Recipe by Sarah Phillips © 2000 Sarah Phillips CraftyBaking.com
Variation: Hearts and Strawberry Roses Charlotte - uses Heart Ladyfingers
Ladyfingers and photo by odetteganda, Premium Member © Sarah Phillips
Heart Ladyfingers from Hearts and Strawberry Roses Charlotte Recipe
Known in Italy as "Savoiardi", Ladyfingers are sweet, little, fairly dry, tongue depressor-shaped Sponge Cakes, but are they can also be referred to as cookies. Ladyfingers are used to make charlottes, tiramisu, and other desserts or filled and eaten as is. They rely heavily upon eggs for their characteristics; separately beaten eggs and egg whites are folded in with flour and sugar.
Ladyfingers can be made at home or purchased in bakeries or supermarkets. I like the Forno Bonomi Ladyfingers Brand.
If making an foam cake intimidates you, a Ladyfinger recipe is much more forgiving recipe to start with and the results are a delightful treat for afternoon tea, or even as an ingredient in a fancy dessert presentation. Once you taste homemade Ladyfingers, you will never search them out at the local grocery store again.
If you wish to use Ladyfingers in the classic Italian dessert, such as the Espresso Tiramisu to keep homemade ones from getting soggy, be sure to dry them first. Just let them sit out overnight until they are dry and more crisp, like a crouton and then use them. This should help them from getting soggy.
CAKE RECIPE HELP
Photo and Cheesecake Charlotte by odetteganda, Premium Member © Sarah Phillips
odetteganda, Premium Member, Says: "Here's the cheesecake that I was talking about the other day. I made a 'strawberry cheesecake charlotte.' LOL! The bottom layer is the Cream Cheese Pound Cake, the filling is the Dulce de Leche Swirled Cheesecake, Strawberry Swirled Cheesecake Variation and with the Ladyfingers on the side."
6 large egg whites
3/4 cup sugar, divided; 1/2 cup and 1/4 cup
1 1/2 teaspoons cream of tartar or 1 teaspoon lemon juice
5 large egg yolks
1/4 teaspoon lemon extract **For more lemon flavor you can add the zest from 1 lemon to the egg yolk mixture
1 cup unbleached all-purpose flour; spoon into measuring cup and level to top
1/4 teaspoon salt
2 cups (1/2 pound) powdered sugar, sifted; scoop into measuring cup and level to top and then sift.
1. Preheat the oven and prepare the baking pan: Position a shelf in the middle of the oven. Preheat the oven to 375 degrees F.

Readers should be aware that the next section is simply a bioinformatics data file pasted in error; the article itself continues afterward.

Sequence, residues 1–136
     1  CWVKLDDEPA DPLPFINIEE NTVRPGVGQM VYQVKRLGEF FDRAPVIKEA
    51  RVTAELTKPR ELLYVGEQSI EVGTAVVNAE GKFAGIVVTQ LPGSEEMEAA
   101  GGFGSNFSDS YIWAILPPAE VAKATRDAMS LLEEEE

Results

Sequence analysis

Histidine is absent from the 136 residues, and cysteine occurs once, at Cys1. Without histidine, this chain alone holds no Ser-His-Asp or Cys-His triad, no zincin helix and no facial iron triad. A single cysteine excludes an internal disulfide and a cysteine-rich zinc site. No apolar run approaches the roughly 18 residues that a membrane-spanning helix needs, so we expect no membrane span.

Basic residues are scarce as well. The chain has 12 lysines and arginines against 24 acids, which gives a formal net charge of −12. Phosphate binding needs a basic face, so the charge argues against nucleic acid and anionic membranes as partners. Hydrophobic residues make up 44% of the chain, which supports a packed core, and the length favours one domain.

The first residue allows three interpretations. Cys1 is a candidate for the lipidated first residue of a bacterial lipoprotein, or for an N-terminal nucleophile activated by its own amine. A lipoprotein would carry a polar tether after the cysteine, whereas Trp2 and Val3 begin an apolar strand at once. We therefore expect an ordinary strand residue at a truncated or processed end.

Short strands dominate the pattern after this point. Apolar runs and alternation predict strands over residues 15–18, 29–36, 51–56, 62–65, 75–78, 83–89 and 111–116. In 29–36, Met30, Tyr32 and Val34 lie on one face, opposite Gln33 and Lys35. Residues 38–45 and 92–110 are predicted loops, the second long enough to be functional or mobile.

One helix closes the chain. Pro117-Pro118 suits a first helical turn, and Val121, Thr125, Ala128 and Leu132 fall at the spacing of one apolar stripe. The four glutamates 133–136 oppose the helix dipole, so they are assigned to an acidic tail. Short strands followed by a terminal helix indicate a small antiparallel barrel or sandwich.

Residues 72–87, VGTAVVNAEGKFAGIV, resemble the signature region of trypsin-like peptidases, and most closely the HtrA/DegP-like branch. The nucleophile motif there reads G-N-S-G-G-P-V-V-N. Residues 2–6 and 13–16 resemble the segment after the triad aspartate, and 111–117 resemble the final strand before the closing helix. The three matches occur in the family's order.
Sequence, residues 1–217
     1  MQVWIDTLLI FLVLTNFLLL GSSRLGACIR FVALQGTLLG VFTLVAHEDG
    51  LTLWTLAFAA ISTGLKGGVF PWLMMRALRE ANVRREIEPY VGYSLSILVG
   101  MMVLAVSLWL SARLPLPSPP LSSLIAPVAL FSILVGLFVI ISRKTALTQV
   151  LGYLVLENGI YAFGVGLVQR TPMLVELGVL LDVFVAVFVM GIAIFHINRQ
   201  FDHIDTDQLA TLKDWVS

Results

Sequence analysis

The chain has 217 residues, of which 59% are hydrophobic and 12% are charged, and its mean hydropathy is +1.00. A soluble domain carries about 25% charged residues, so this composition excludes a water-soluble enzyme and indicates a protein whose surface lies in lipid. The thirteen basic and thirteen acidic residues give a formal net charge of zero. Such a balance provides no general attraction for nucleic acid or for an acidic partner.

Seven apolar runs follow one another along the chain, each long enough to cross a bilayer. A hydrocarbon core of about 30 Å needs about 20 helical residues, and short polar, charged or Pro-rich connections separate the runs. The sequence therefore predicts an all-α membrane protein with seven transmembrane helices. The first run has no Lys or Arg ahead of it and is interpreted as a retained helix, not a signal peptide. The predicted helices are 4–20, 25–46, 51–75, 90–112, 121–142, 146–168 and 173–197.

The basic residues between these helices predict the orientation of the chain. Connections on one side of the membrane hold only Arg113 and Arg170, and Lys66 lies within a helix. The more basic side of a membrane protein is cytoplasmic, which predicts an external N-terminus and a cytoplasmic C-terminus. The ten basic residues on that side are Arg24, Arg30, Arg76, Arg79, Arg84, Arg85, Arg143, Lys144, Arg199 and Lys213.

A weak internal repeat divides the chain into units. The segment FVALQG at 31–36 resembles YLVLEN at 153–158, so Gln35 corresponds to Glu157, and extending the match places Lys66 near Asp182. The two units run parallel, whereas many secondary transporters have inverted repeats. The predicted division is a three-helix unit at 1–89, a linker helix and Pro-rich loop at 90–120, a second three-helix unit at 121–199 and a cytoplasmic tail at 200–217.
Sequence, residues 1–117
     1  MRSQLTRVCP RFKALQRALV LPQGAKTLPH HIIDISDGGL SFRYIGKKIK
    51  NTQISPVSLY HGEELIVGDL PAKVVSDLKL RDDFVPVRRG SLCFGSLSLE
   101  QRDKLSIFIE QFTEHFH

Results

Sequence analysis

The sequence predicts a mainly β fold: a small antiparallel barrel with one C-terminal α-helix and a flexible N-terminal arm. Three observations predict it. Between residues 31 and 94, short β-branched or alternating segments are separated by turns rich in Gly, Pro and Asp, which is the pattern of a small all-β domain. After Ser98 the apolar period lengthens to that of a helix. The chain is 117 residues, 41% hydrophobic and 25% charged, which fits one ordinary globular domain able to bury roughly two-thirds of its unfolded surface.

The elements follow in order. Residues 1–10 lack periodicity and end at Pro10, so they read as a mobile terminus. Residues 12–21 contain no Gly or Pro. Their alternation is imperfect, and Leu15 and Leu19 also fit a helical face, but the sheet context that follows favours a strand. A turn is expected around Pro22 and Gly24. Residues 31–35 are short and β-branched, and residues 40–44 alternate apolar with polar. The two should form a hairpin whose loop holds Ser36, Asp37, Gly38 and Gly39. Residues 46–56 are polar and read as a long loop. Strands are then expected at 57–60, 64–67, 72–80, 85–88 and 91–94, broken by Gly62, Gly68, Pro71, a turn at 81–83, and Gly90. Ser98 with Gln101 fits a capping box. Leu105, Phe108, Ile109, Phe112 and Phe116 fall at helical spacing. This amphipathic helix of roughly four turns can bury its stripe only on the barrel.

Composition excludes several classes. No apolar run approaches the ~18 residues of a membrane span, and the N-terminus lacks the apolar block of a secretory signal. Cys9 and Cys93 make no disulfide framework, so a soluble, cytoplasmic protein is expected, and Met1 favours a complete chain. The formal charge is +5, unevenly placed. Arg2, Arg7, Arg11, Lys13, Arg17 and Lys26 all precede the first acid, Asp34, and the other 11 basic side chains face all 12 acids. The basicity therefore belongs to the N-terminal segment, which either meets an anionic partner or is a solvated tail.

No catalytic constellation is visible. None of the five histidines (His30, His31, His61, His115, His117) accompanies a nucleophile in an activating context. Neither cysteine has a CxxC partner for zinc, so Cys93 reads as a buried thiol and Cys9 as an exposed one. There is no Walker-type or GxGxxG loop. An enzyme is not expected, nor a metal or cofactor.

You’ll need at least two, preferably four UNGREASED* noninsulated cookie sheets or sheet pans. I prefer to pipe ladyfingers onto parchment paper (not waxed), not Silpat Mats.
*They can also be piped onto plain ungreased baking sheets, but you will have to take great care to remove them once cool AND the clean up is more substantial.
2. Beat the egg whites: In a dry, clean bowl of a stand mixer fitted with the whisk attachment, with the mixer on medium-low speed, beat the egg whites until foamy. Add the cream of tartar.
Continue whipping until the foam is white and opaque.
3. Increase the mixer speed to high and add the 1/2 cup sugar slowly at the side of the bowl, beating constantly until sugar is dissolved and whites become firm. When they are, the egg whites will become glossy, smooth and the beaters should show ridges as they move through the mixture. Stop the mixer and lift the beaters; you can pull the whites into straight peaks. Scrape whites into a clean bowl and set aside.
4. Beat the egg yolks until they ribbon: In a mixer bowl fitted with a whisk attachment, beat the egg yolks, 1/4 cup sugar and the lemon extract, on medium to medium-high, for 3 minutes until the yolks are thick and pale in color. The yolks will "ribbon". That is when you raise the beaters, the mixture should fall in a ribbon pattern that sits on top of the swirl for seconds before sinking.
That's why it's called making the ribbon.
5. Fold beaten whites and yolks together:
Sarah Says: Fold very carefully so the whites don't lose their volume.
Add a small amount of the whites to the yolks and stir with your whisk to lighten the yolks. This will help the whites to fold more easily into the yolk mixture.
Add about half of the remaining whites to the yolks and fold with gentle strokes. Use a rubber spatula that fits easily into your hand. My favorite is a 13-inch heavy spatula.